I have a confession to make. I love figuring out ways to squeeze more writing time into my day. Like everybody else I know, I’m very busy and so organizing my time to get more done—especially when it comes to writing—is worth every effort.
1) Stop checking email obsessively.
Ever feel at the mercy of your overactive email inbox? A couple of years back I removed email alerts from my email system because I was constantly being interrupted by incoming messages, which would cut into my writing time. Recently I’ve gone even further by only checking messages twice a day—at 12:30 pm and 4:30 pm. Tim Ferriss, author and entrepreneur put me onto this and I’ve never looked back. If you feel too scared to do this because you just want to see if that one person emailed you back, then you could set up a mailbox for that client so you don’t have to check all your messages. For instance, Apple’s Mail has the Smart Mailbox function, which serves this purpose really well.
2) Make lists the night before.
One thing I have been doing for years that seems to keep me focused is to write up to-do lists the night before, prioritizing between “must-dos” and “nice-tos.” A “must-do” might be completing the chapter you’ve been working on for a while, while a “nice-to” could be starting or mapping out the next one. Writing out my list the day before means that when I arrive at my computer the next morning I don’t waste time remembering what I’m there for.
Adding to this smart idea of lists, Yvelette Stines, writer and educator says to give each task a time frame, and put a check beside each one once it’s done. And Businesswoman Susan Burnstein uses what’s called the Pomodoro Technique, which entails working in 25-minute bursts. She says it works like a charm for productivity boosts.
While we’re on the topic of time, are there certain times of the day when you are more productive?
3) Discover when you’re most creative.
Michelle Warner, entrepreneur, says to figure out what time of the day you’re most focused and creative and the schedule the work that requires the most creativity for those times. “I’m a morning person so I prioritize my day to do all of my creating in the morning,” she explains. “Then meetings, email, administration tasks and other things I don’t need to think about, get done in the afternoon when I’m more restless.”
I’m with Michelle. If I can be creative in the morning and do the heady stuff at that time, well, the afternoon pretty much takes care of itself.
4) Put a lid on social media.
Of course, one of my favourite time monsters is social media. I’m actually afraid to calculate how much time I spend tweeting, checking likes, and trolling my media feeds. Although I’m almost certain I’m not the only one who shares this obsession. Marsha Shandhur of Yes, Yes Marsha cites Amber McCue of NiceOps as helping her take control of her social media once and for all, and the simplicity of her approach might surprise you. “She taught me that taking social media off your phone could give you back hours,” says Marsha.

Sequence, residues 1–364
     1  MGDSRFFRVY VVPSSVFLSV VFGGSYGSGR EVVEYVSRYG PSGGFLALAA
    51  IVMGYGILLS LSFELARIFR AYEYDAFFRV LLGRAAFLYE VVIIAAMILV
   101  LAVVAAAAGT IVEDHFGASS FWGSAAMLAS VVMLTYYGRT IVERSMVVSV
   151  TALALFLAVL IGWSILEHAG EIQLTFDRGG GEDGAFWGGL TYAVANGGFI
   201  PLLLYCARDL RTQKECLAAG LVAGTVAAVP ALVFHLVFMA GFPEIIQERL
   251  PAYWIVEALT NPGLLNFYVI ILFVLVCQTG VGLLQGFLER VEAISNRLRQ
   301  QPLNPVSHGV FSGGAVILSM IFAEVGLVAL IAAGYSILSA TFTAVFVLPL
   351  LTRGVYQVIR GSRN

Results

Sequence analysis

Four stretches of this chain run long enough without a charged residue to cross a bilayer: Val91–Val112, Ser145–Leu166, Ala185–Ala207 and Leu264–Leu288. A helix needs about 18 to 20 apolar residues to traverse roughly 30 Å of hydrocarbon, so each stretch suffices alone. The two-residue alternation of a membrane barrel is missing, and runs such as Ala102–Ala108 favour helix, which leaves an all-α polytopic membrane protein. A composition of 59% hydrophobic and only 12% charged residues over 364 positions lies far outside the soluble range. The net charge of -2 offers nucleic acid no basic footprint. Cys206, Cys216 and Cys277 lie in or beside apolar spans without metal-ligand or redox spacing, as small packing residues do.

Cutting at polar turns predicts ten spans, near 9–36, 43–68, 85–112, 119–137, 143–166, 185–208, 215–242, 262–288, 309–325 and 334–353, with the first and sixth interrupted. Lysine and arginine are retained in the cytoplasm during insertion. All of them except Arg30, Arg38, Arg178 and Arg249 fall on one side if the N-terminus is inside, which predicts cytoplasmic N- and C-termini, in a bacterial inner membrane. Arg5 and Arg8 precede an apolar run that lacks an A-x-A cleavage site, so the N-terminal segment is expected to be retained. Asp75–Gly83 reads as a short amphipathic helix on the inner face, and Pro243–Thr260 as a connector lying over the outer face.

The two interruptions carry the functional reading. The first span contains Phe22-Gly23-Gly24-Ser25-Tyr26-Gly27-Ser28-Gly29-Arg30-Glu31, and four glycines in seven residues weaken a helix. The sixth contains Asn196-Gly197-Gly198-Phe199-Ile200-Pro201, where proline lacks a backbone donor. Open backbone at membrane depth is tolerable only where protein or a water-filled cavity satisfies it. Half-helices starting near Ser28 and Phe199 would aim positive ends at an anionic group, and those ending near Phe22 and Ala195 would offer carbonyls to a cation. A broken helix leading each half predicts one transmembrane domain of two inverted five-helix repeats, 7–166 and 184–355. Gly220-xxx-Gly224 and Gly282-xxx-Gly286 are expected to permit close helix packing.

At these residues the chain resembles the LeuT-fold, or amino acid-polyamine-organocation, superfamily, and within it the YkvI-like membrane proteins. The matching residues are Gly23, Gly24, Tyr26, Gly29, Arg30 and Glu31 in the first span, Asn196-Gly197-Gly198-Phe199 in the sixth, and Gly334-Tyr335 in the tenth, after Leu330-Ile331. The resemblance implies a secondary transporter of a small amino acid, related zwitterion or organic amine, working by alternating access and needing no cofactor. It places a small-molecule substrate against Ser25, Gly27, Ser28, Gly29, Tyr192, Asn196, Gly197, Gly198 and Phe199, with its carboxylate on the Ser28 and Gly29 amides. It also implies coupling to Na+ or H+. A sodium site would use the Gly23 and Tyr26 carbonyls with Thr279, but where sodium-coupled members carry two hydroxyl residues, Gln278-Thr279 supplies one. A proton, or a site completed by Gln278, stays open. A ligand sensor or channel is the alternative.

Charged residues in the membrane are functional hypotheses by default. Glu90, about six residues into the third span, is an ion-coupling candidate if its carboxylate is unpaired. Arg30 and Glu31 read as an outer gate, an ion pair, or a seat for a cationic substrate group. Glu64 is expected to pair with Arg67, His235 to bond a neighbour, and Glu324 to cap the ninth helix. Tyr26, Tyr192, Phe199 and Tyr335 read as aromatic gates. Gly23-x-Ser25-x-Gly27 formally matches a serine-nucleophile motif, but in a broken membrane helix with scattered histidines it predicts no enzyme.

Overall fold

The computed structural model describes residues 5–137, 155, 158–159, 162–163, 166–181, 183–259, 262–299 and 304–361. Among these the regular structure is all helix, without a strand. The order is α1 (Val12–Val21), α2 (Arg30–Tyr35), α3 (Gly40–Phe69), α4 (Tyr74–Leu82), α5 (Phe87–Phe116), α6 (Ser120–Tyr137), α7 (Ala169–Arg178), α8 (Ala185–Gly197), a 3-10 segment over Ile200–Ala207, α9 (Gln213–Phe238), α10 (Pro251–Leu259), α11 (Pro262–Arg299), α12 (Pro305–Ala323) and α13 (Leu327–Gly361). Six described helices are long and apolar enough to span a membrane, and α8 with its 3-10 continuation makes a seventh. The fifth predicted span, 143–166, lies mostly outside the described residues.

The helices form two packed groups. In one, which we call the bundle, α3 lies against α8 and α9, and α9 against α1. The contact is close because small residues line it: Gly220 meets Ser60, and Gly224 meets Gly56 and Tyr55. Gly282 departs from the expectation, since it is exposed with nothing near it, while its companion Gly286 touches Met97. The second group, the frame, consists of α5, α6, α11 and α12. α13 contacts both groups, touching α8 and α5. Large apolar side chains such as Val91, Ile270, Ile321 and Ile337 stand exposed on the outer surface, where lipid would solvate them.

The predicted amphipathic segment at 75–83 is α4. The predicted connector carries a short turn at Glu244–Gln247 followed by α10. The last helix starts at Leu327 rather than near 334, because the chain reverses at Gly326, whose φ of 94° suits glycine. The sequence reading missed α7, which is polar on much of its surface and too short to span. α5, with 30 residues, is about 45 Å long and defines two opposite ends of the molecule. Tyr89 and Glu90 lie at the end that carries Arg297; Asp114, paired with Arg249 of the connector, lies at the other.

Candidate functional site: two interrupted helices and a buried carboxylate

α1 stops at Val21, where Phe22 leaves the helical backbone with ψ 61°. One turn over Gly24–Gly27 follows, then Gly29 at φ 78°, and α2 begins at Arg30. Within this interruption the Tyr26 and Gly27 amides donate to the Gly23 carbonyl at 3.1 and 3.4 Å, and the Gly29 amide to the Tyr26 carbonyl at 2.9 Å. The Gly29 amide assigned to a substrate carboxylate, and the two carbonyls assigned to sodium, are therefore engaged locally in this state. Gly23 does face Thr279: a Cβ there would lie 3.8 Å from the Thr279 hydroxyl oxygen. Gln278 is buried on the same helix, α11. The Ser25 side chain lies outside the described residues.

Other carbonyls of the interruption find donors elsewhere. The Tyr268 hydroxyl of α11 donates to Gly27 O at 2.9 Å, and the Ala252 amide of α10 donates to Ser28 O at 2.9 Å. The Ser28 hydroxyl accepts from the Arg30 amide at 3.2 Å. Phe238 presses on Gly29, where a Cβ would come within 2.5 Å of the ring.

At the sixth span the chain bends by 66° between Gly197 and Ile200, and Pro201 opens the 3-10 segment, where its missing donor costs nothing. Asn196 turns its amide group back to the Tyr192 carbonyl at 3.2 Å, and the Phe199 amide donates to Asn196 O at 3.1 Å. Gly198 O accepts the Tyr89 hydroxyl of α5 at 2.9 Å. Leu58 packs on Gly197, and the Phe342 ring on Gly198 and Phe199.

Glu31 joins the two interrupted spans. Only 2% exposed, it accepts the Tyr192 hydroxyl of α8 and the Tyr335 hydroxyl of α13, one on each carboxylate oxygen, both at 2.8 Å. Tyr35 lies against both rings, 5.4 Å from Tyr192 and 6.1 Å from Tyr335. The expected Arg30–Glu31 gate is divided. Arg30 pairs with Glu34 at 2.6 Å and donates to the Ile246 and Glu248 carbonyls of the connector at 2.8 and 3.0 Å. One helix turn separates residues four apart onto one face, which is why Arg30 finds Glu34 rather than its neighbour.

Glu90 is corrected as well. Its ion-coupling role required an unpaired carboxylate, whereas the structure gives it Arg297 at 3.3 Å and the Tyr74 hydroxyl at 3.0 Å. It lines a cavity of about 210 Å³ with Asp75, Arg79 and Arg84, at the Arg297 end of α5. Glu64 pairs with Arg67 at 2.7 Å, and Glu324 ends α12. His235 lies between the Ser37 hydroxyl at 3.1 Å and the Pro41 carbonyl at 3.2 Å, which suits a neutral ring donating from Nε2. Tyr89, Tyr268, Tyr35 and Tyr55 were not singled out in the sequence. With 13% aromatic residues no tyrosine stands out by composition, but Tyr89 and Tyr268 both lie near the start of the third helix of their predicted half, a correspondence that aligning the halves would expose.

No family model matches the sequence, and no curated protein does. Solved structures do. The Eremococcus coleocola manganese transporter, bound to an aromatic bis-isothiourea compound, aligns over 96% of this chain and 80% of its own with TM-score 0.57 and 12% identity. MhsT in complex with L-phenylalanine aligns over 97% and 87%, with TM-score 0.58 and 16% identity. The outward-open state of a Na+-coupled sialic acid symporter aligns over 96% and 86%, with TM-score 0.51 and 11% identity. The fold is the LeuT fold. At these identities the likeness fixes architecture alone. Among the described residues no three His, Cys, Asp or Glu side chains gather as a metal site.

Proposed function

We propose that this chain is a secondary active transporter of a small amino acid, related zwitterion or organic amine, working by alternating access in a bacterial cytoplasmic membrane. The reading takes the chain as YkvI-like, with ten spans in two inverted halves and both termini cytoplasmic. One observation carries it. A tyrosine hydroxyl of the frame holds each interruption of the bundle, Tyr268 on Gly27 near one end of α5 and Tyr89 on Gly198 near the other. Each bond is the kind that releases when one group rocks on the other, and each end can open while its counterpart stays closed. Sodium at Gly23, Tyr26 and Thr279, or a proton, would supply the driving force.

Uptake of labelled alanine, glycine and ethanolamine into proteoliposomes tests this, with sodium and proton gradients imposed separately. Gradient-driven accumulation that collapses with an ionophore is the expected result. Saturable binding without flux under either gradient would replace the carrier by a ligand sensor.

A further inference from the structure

5) Eat healthy to keep up your energy.
Sometimes, we’re so busy looking for an app to boost our productivity we forget that what we eat makes a huge difference in how much energy we have to approach our tasks. Carla Golden, a massage therapist, nutritionist and educator says to eat for high-energy, which for her means, eating a low fat and high-fruit diet. “This keeps me going strong from 7 am to 10 pm with no afternoon slump,” she says, adding that she usually gets four more hours out of her day than other people she knows with a similar age and lifestyle.
6) Just say “no.”
The one big thing I’ve learned about being a writer is it’s not a profession per-se, but rather it’s a lifestyle, a vocation–an I-can’t-live-without-it kind of deal. I have many friends who go to their day jobs and then come home and put their work behind them, yet as a writer I could never do that.
Don’t worry about telling friends “no” you can’t come out and play because you’re writing. You will have many people who don’t understand and who think you’re selfish. Yes, they will get sick and tired of hearing you say the same thing over and over. Remember, that’s their problem not yours. The worst thing you can do is to feel guilty about what you love to do and must do, which is to write. Yet in order to write more, you do have to say “no” quite a bit to social invitations and other things that aren’t mandatory.
And finally…apply these rules so you can write every day.
Your job is to write every day. Not to write on the side of your desk or in between the more important stuff. Writing is the more important stuff and if you don’t write regularly then you won’t meet your writing goals.
So make a promise to yourself to write as much as you can. Before work, before the kids wake up, while at the dentist’s office, on the commute to work. Famous authors have written many books while at their place of work! You don’t need perfect conditions, you just need to commit to a few rules such as those I’ve outlined above, and stay the course. I know you can do it.
[vc_separator type=’normal’ position=’center’ color=” border_style=” thickness=’2′ up=” down=”]
ABOUT THE BLOGGER
Lissa M. Cowan is the author of Milk Fever, a novel, works of non-fiction and co-author of a poetry translation. She speaks and writes about storytelling, creativity, and writing. She is a Huffington Post blogger and writes regularly for Canadian and U.S. magazines and newspapers. She holds a Master of Arts degree in English Studies from l’Université de Montréal and lives in Toronto, Canada.